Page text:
Chet Atkins’ “Walk Don’t Run,” was recorded in 1957. It’s a groovy little number. A soft, jazzy drum beat rumbles along beneath a wide-ranging guitar melody backed nicely by a second guitar.
In 1960, a young group called The Ventures did a re-make of Chet’s song. It was the same song, but it wasn’t the same song at all. Musicians talk about creating a new sound or looking for that new sound. They often talk about that new sound in hushed tones, as if they’ve suddenly crossed over into the realm of the sacred. There’s lots of nodding and smiling. Knowing glances replace anything that could be put simply into language.
In 1960, a new sound came into being. There were others getting to the same place at the same time — Dick Dale, The Shadows, Link Ray. But “Walk Don’t Run” is a particular revelation because it’s a re-make. You can listen to the Chet Atkins version and then The Ventures version and hear it with your own ears. The Ventures aren’t covering Atkins’ song, they aren’t even really interpreting it. It is something more akin to alchemy. They are magically transforming one thing into another. That’s how a new sound gets created. All the background elements have to be there: the music technology, the cultural mood, the various influences ready to combine. And then it just happens — the sum leaps forward to be greater than its parts. Surf music is born.
What’s the difference between the two songs? It’s hard to say exactly. But The Ventures’ version is hollowed out and twangier. Bob Bogle is going nuts with his whammy bar. There’s a spaciness to the sound, the feeling that it is coming from farther away than the Chet Atkins version. It also sounds like it could go on forever, like it’s the soundtrack to something that never ends. Admittedly, though, these are not very precise thoughts.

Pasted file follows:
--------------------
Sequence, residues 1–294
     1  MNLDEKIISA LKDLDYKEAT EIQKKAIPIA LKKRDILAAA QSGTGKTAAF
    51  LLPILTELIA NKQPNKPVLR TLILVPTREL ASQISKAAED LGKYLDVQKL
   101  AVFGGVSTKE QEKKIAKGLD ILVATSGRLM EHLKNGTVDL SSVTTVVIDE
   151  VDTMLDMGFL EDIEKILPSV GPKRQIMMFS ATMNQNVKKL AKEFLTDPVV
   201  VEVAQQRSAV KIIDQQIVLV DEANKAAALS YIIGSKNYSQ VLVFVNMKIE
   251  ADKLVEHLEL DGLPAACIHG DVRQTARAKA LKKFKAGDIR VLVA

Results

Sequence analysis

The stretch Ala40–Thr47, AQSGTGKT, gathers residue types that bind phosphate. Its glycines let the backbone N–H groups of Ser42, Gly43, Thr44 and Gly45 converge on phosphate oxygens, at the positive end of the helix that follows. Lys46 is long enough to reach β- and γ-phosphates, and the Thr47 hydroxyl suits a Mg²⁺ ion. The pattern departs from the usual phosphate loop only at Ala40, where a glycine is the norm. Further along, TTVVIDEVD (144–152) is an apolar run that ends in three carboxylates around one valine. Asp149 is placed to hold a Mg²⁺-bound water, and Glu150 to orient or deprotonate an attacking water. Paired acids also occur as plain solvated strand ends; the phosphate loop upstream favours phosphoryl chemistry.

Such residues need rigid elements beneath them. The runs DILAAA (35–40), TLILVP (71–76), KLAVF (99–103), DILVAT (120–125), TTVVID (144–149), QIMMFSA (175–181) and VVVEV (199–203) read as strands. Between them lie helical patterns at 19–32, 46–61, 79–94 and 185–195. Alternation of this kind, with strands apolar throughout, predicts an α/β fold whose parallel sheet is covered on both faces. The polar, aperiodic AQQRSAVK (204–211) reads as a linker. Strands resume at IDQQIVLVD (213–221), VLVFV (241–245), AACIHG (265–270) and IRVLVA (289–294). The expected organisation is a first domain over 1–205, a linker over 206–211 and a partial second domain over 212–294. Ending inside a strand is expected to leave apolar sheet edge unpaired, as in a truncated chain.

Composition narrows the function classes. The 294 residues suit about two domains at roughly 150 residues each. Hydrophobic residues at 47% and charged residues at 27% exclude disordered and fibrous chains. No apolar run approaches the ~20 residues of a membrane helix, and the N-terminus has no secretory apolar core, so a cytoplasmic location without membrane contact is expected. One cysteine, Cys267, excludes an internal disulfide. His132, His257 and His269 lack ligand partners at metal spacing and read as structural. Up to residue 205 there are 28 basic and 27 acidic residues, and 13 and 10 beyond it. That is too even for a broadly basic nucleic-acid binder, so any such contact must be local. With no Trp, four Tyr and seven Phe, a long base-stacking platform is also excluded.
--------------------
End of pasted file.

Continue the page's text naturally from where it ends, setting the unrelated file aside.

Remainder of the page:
There’s a great interview in Playboy magazine from 1978. Ron Rosenbaum is trying to get Bob Dylan to talk about his music, a notoriously difficult task. But then Rosenbaum asks Dylan about the sound of the streets.
Dylan: That ethereal twilight light, you know. It’s the sound of the street with the sunrays, the sun shining down at a particular time, on a particular type of building. A particular type of people walking on a particular type of street. It’s an outdoor sound that drifts even into open windows that you can hear. The sound of bells and distant railroad trains and arguments in apartments and the clinking of silverware and knives and forks and beating with leather straps. It’s all, it’s all there. …
Playboy: Late-afternoon light?
Dylan: No, usually it’s the crack of dawn. Music filters out to me in the crack of dawn.
Playboy: The “jingle jangle morning”?
Dylan had the sound of the jingle-jangle morning. According to Dick Dale, the sound surf music was trying to get at was exactly that — the surf. Dale said in an interview, “I don’t claim to be a musician, I didn’t go to Julliard. I’m into just chopping, chopping at 60 gauge, 50 gauge strings. That’s the sound, the sound of the waves chopping.” Bogle himself never really liked the surf music designation. He considered The Ventures simply to be an instrumental group with a new, twangy sound.
But the surf music label always stuck. Maybe it was just the wide open nature of the sound. The way that the chopping of those guitars chopped right along with the waves in the California air, a California that had yet to create its own specific sound in the rock ‘n’ roll of the time. Bob Bogle died last week. He was one of those rare people who hears something just over the horizon and goes running after it. He knew there was something out there. When everyone else heard The Ventures do “Walk Don’t Run” they discovered something they didn’t even know they’d been looking for. A new sound. • 23 June 2009